Translated from Bengali by Nandana Dev Sen (Archipelago Books, 2021)
Acrobat is a collection by Bengali poet Nabaneeta Dev Sen, some translated by the poet herself before her death, but mostly translated into English by her daughter Nandana Dev Sen as a poignant and passionate exchange between mother and daughter. As a collection, the poems are vibrant and full of longing – whether for love, for children, for lost youth, or for prolonging life.
As I was reading Acrobat, I felt I probably wasn’t the “right” reviewer for it. I don’t know whether this was because of the point at which I was reading it, or whether it was more to do with my own lack of confidence in understanding poetry. In any case, in my review I’ve decided to focus on the poems that I liked best, the ones I found most beautiful or moving, with the acknowledgement that this constitutes an entirely subjective and inexpert response, and might cover only a fraction of what the collection could mean or represent.
The first stanza that made me stop and read again was this ending of “The Lamp”:
“Just one more page left
one more paragraph, one more sentence—
give me one more word, dear nurse,
just one more day.”
Many of the poems deal with this desire to hold on to life, to live each moment fully and to catch it in a poem; “Time” talks of five minutes stretched into a lifetime, “Unspoken” understands “forever” as “today”, “Right Now: Forever” exclaims that “Time has not the power to extinguish me”, and “In Poetry” urges us to “Stay alive … Stay awake in every line”. This was the theme that most stood out to me through the collection, and it is particularly plaintive given that this is a posthumous publication: time is also presented as relentless, a snatcher of youth and a cruel harbinger of decay.
This multifaceted approach to theme is also present in the representations of love: it is by turns joyful (“Beyond it all,/ Stands a mountain of laughter, of joy./ On that mountain, I will build a home with you/ One day”), painful (“He leaves his footprint in my eye”), tender (“Let my heart/ nurse your aching body”) and wistful (“We would meet, that was the plan. /Look, my love, I am still here”).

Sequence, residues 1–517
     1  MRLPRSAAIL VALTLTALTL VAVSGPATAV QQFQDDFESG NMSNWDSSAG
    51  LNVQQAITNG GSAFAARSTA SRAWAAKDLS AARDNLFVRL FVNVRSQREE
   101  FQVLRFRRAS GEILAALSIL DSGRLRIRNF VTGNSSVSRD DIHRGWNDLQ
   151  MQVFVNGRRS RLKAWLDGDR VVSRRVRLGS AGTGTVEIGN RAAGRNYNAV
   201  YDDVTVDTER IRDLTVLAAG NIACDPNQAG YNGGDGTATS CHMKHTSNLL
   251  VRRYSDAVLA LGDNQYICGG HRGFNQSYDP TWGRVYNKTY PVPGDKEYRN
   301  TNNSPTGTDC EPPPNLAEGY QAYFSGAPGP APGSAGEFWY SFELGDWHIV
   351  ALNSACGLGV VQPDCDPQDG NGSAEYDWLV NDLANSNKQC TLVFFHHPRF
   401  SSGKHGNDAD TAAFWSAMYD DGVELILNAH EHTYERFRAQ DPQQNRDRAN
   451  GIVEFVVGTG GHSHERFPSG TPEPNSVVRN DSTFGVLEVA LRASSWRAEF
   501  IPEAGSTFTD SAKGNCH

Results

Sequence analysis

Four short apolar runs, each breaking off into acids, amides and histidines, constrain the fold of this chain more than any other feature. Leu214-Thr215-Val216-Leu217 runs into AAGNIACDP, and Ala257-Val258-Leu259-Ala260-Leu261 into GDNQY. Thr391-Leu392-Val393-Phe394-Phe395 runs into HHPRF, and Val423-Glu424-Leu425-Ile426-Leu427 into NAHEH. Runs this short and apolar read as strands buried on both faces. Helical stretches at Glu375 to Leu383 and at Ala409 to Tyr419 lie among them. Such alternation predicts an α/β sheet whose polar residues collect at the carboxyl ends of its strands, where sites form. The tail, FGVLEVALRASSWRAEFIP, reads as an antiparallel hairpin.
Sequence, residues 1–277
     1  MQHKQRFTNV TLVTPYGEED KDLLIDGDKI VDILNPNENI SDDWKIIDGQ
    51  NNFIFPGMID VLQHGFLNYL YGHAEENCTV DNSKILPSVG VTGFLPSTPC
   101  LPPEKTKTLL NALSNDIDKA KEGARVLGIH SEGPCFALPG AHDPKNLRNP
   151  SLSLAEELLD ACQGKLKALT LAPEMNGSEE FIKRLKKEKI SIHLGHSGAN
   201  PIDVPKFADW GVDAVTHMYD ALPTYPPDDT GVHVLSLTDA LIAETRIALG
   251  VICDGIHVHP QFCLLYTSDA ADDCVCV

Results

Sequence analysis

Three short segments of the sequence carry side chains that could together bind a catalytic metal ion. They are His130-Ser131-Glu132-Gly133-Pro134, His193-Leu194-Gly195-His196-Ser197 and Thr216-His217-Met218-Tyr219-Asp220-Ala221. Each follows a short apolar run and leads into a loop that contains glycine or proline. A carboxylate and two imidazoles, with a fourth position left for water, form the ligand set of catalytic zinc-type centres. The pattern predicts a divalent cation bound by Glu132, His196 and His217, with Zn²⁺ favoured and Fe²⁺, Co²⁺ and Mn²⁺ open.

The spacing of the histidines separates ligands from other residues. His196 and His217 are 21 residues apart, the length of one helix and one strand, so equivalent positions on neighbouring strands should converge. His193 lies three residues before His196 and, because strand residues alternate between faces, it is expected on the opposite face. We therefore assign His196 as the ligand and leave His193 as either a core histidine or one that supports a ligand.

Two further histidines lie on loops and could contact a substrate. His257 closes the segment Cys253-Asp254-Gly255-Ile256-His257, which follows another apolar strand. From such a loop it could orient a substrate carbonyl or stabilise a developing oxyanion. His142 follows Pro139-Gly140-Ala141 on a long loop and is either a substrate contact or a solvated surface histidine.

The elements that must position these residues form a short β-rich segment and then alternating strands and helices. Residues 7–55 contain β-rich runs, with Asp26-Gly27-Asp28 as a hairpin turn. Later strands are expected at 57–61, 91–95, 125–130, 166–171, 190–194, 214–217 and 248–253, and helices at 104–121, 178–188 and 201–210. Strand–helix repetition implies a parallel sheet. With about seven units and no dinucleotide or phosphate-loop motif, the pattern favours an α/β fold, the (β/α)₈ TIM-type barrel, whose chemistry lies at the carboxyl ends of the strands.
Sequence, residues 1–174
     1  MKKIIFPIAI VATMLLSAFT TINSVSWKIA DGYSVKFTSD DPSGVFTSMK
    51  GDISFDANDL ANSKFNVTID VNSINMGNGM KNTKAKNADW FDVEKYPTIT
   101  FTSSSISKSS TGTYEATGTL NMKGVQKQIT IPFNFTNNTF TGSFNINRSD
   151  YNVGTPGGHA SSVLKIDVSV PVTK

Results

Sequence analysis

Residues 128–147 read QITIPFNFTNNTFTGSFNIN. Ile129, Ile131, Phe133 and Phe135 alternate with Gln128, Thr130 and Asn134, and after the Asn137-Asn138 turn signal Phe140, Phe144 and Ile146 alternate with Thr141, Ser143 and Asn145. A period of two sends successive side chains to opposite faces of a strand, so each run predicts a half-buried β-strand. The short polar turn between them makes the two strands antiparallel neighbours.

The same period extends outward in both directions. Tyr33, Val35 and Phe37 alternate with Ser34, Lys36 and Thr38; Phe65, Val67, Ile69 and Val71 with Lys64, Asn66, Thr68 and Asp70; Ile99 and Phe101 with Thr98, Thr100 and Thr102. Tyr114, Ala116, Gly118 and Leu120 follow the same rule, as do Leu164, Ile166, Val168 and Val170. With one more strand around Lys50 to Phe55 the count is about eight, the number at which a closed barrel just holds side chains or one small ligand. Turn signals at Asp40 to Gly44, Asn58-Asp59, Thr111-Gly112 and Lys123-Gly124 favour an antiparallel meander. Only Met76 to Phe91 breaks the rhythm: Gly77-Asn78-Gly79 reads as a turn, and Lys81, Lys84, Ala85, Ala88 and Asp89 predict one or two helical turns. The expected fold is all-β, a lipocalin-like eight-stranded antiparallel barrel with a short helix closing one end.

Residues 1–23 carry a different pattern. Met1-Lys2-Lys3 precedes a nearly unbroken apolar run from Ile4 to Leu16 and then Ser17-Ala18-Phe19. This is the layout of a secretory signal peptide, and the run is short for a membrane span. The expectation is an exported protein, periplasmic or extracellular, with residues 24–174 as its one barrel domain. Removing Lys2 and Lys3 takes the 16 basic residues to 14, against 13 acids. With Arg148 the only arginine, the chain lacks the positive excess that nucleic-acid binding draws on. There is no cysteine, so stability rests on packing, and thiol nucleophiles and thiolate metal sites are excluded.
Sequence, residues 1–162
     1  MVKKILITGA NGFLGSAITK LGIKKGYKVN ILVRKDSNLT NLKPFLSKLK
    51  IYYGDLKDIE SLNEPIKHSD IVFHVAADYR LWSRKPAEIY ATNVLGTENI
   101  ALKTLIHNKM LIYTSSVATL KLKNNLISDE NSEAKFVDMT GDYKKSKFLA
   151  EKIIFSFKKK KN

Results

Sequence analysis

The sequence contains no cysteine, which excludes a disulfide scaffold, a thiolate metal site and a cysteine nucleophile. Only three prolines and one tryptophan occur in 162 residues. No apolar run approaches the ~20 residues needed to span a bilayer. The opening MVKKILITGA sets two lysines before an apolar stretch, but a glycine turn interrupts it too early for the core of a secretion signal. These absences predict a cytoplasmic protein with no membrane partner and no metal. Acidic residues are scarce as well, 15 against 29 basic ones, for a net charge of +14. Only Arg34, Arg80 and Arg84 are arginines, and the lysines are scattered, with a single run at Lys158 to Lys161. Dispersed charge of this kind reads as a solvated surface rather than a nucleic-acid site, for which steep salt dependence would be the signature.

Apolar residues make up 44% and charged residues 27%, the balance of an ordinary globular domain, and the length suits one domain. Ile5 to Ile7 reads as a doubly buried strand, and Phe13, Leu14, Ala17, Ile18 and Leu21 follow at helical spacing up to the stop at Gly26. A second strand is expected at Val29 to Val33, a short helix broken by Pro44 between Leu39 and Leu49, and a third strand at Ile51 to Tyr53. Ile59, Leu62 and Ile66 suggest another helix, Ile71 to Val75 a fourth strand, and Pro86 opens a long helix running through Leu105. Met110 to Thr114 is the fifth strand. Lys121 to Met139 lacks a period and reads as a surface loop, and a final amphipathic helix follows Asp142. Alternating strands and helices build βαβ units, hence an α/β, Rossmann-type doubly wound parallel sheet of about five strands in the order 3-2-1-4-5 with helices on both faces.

If love is a celebration, a tenacity, and an emotion experienced in the present, it is also a fear, a bitterness, and the painful awakening of memory, such as in the very brief poem “Sound: Two”:
“Like an old alarm clock
You start ringing in my heart
I shut my ears tight”
This rejection of love, or closing of the heart, is echoed elsewhere in the collection: “That Girl” is a case in point and was one of my particular favourites, but also epitomises what I mean when I say I’m not sure I was the right reviewer for this collection. I think “That Girl” is beautiful, profound, and extremely moving, but every time I try to write why, my words feel inadequate. My best attempt is to say that it’s about youth and the conflicting sensations of fear and power that it brings, about the walls we build around ourselves and what we lose because of it, and it’s about time catching up with us, a life breathed out and sighed away in the space of a couple of pages.
I think the conclusion I’ve reached is that for me poetry is something I respond to with my gut rather than my mind. Overall I preferred those poems where a rhyme wasn’t sought in the translation, and I liked best the pieces that blend the ferocity and tenderness of love and yearning that for me defines the collection. Acrobat is moving in both content and context: translated with great heart by the poet’s daughter and published posthumously, it is a two-way love story between generations and a celebration of life in all its complexity and contradictions.